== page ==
IBIC is an interdisciplinary home to faculty, support scientists, and trainees from a variety of medical, quantitative, and social scientific fields. Intramural expertise spans neurology, neuroradiology, psychiatry, neuropsychology, experimental cognitive psychology, neuroscience, biology, biophysics, MR physics, computer science and engineering, industrial and systems engineering, and medical informatics. More than 25 affiliated faculty from 14 departments and 5 colleges impart an even broader range of expertise to IBIC.
The central technology at IBIC is functional magnetic resonance imaging (fMRI), including activation studies and newer forms of fMRI such as functional connectivity and pattern-information approaches. State of the art anatomical MRI, structural connectivity (diffusion MRI), perfusion, and multinuclear MR spectroscopy studies are routinely performed in conjunction with fMRI. Concurrent behavioral, cardiopulmonary, psychophysiological, eye movement, and EEG data are also frequently recorded and analyzed concurrently with fMRI.
IBIC shares resources among core members and affiliates and provides expert assistance to investigators new to functional imaging and to established collaborators. The programmatic space is contiguous, open, and conducive to interdisciplinary interaction. Touch down space is provided for collaborators and trainees at all levels. Scientific interest groups and other informal events are opportunities for establishing collaboration. IBIC maintains strong links to numerous other Centers and laboratories in order to add value to UW neuroscience.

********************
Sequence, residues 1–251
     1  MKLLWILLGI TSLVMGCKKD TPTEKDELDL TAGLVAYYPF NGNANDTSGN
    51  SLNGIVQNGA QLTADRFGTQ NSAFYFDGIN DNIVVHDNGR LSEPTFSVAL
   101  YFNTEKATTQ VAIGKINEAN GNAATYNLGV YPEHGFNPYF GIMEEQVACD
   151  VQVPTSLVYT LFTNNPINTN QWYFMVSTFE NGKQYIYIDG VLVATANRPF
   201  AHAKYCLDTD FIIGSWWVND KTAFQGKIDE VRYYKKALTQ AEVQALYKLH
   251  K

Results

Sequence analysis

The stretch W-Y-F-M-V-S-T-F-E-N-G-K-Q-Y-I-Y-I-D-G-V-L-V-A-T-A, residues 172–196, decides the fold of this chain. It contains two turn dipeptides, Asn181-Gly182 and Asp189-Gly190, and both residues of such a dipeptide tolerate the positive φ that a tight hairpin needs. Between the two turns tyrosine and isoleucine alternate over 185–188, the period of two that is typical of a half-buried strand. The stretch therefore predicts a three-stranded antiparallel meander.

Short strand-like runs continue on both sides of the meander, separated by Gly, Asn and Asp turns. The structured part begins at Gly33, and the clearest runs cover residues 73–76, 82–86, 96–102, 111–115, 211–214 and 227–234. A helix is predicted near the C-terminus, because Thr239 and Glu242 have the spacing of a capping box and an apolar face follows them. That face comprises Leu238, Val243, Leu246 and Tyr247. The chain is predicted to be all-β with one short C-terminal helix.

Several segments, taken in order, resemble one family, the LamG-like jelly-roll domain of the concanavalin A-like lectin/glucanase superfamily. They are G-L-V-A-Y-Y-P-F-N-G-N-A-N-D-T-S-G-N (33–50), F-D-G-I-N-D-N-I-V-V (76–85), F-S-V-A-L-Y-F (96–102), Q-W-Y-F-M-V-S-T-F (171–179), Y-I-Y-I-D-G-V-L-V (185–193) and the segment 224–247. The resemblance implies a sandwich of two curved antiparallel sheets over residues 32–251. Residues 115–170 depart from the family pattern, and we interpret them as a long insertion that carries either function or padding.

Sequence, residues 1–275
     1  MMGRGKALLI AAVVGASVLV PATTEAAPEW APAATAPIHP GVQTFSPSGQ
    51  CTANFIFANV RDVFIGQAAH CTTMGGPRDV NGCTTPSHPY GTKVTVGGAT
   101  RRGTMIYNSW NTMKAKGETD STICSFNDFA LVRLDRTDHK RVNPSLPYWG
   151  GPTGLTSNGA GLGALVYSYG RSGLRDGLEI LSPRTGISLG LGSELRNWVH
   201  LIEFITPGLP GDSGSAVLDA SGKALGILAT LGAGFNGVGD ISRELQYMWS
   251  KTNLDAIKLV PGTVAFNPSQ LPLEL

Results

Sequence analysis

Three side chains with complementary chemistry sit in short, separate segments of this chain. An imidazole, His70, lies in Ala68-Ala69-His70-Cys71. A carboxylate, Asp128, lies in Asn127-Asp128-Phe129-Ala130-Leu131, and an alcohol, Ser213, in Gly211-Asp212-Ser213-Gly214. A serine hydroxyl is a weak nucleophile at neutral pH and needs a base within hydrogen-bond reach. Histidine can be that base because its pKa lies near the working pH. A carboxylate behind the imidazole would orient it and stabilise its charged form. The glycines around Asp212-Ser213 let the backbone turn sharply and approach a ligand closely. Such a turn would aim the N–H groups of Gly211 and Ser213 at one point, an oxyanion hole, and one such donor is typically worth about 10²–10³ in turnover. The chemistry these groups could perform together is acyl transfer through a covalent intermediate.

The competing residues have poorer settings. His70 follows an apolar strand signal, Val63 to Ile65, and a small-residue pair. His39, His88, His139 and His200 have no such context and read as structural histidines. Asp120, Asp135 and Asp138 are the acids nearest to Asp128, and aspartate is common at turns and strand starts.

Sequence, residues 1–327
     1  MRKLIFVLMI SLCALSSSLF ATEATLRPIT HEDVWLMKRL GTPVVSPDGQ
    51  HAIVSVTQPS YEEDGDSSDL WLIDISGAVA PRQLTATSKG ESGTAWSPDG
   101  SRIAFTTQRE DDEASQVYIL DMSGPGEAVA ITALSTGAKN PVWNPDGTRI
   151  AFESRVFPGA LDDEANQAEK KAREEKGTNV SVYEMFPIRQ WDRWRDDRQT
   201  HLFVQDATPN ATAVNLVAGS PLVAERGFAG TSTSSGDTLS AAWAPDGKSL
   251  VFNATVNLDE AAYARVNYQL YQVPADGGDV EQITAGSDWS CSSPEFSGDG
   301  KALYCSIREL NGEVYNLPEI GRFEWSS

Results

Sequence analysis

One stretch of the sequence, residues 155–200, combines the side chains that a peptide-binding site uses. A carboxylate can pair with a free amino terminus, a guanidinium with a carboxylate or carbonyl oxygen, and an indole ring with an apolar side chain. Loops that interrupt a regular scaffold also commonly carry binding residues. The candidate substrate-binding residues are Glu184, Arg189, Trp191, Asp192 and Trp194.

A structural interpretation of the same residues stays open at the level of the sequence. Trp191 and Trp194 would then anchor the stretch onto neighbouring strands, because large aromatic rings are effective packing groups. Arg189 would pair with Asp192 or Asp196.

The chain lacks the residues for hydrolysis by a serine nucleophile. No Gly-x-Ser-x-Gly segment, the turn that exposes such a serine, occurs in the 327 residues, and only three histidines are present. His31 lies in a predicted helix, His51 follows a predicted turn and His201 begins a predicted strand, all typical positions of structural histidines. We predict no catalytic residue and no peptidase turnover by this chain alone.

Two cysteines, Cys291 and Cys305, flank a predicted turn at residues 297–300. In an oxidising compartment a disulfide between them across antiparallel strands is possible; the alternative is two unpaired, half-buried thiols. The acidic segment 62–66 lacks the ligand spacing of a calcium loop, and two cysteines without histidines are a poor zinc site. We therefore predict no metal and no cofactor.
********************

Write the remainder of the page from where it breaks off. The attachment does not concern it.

IBIC features a state of the art and comprehensive image processing facility and information infrastructure. Numerous specialized academic and commercial software packages are implemented harmoniously in a managed Linux environment that is also made available UW-wide via a Virtual Desktop Infrastructure. IBIC is committed to open source principles, and data sharing, and is actively developing scalable tools for discovery across imaging platforms and scientific centers.
12:30 pm - 2:00 pm
Dr. David Myers Professor of Psychology, Hope College http://www.seattleu.edu/artsci/psychology/colloquium/
The GRID Lab is interested in using electrocorticography (ECoG) to answer basic neuroscience questions as well as to develop tools for clinical and rehabilitative applications.
The group, under the direction of Dr. Ojemann, represents researchers from a wide range of backgrounds including neurosurgery, neurology, rehabilitative medicine, engineering, neuroscience, and physics.